No matter how carefully you plan your harvests, in summer when the garden is producing at its peak almost all gardeners have to deal with gluts from plants that have yielded an abundant harvest of vegetables or fruit, or from crops which have all matured at once.
Fortunately, some fruits and vegetables store well for months if they are kept in the right conditions. The key to success is to know which crops store well, to only store unblemished produce, and to check them regularly, immediately removing any which show signs of disease or rotting.
Here are some suggestions for storing gluts of various types of produce:
Apples and Pears
Apples and pears are best stored in trays with slats to allow good air movement. They should be placed on the trays gently to prevent bruising, not touching to promote good air circulation, and stored in a cool place such as a garage or cellar that is free from rodents. Keep them away from strong smells such as onions. How long they will keep for will depend on the conditions and the variety, so choose cultivars which are suitable for storing, such as many late varieties. Wrapping each fruit in newspaper can help to lengthen the time they can be stored, but it does make checking the fruits more difficult.
Root vegetables such as carrots, potatoes and beetroot also store well. Carrots can be left in the ground until you need them, lifting them as required until the first frost, or longer if covered by a thick mulch of leaves. If you pull them up for storage, cut the leafy tops off roots such as beetroots and carrots, remove soil and place them in a single layer in a tray or box. Then, cover them with a layer of slightly damp sand to prevent them from losing moisture and becoming rubbery.
Potatoes can be stored in hessian or paper sacks. Harvest them on a dry day and leave them out in the sun to dry. Remove any soil from the tubers to prevent mold from forming.
Onions, Garlic and Shallots
Onions, garlic and shallots are best dried thoroughly in a warm place, a process called curing. Avoid direct sunlight – a shed or shaded shelf is a good place – for about 4 weeks. They should then be stored in a cooler dry place until required. Try tying the necks into plaits which can be hung up, or cut the tops off and hang them in mesh bags or baskets.
Winter squash and pumpkins can also be cured, but summer squash can’t be stored so they’ll need to be chopped and cooked, then frozen.
Batch Cooking and Other Ideas
Harvesting lots of ripe produce is a great excuse to dust off your apron and turn your gluts into tasty meals that you can eat yourself immediately, share with friends, or freeze now and use later. There are an almost endless number of recipes and meals you can make this way.
Many fruits can be cooked and made into pies, crumbles and other desserts which, when frozen, will last for months. All sorts of vegetables can be turned into delicious quiches, pies, crumbles or curries, all of which can be easily frozen once cooked, taken to dinner parties or offered to neighbours. It’s often quicker to just make and freeze the filling for pies and other dishes, and make the crust fresh when you need it – this also takes up less space in the freezer. Labelling each batch, including the date when they were frozen, is essential to avoid confusion, as they can all look very similar in a few months’ time.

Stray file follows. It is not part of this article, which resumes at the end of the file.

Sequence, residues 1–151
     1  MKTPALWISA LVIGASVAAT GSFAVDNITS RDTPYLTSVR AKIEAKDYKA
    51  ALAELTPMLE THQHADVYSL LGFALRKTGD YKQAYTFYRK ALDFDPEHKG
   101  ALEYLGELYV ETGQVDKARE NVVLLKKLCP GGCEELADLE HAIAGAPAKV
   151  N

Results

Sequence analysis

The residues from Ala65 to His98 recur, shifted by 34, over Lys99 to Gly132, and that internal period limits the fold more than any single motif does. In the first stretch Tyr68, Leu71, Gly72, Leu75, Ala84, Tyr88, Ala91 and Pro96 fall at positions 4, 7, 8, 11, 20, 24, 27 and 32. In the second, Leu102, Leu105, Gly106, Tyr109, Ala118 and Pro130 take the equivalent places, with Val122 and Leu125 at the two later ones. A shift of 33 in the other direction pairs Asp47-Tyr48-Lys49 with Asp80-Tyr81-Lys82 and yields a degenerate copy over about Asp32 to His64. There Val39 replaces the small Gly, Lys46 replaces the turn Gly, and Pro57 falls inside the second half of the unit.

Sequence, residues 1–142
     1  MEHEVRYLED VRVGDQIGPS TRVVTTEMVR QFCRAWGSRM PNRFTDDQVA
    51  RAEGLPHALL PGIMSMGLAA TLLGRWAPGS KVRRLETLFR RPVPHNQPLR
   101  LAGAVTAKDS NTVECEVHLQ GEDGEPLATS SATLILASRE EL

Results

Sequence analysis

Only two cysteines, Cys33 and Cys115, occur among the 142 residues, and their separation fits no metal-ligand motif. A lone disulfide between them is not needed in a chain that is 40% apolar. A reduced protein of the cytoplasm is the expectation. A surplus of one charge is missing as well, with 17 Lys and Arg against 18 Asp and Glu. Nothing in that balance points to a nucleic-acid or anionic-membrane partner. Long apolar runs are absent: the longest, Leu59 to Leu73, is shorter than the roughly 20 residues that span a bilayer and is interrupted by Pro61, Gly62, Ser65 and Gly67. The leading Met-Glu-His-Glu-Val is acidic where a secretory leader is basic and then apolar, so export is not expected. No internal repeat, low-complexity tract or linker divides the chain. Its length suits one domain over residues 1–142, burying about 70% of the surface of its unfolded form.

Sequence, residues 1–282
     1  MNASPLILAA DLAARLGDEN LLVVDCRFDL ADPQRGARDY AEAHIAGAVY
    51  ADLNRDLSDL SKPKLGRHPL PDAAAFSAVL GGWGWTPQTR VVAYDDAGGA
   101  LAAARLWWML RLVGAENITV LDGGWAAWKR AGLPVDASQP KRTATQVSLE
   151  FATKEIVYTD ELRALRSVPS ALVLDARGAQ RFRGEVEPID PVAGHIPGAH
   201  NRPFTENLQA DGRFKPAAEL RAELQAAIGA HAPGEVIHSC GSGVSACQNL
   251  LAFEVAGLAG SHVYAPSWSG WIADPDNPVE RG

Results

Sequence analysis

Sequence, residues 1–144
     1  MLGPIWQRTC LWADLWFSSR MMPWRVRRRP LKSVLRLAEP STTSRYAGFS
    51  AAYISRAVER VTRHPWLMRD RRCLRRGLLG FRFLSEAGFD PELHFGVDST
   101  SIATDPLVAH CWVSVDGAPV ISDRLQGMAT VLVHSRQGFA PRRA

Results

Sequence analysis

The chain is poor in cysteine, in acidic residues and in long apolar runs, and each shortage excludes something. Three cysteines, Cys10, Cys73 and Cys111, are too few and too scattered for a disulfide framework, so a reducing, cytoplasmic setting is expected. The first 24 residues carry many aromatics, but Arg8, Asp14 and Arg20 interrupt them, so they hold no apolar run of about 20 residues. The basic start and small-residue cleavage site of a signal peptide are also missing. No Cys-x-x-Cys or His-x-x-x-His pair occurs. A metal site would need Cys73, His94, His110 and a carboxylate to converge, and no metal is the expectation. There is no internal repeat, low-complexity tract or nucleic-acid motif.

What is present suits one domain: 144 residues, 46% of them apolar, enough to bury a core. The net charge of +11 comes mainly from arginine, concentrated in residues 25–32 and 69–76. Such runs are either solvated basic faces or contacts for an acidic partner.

A glut is a great opportunity to let your creative juices to flow, and the Internet is an excellent resource of ideas. Many websites and apps allow you to type in the ingredients you have an excess of, and see a list of suggested recipes. A glut of soft fruit can be added to your family’s breakfast cereal, blended with cold milk for a delicious milkshake, or frozen to make unusual ice cubes to cool drinks on a hot day. Many vegetables make great skewers on the barbecue or grill, or try adding them to pizzas, frittatas, burritos or pasta in place of your usual ingredients.
You can even try juicing combinations of fruits, herbs and vegetables to see which taste the best. Why not throw a party and have people experiment, with a prize for the winner – a big bag of whatever fruit or vegetable you have the most of!
If you’re growing on a community garden or allotment, or know other local growers, sharing your gluts is a great way of swapping produce and ensuring it doesn’t go to waste. Swap them for things you don’t grow, or where your own harvest hasn’t done quite so well. You can even leave produce or plants out for neighbors so they can help themselves – who knows what they might offer in return?
It’s also worth checking to see if your area has a food bank or charity cooking initiative which will accept fresh produce and turn it into tasty meals for people in need.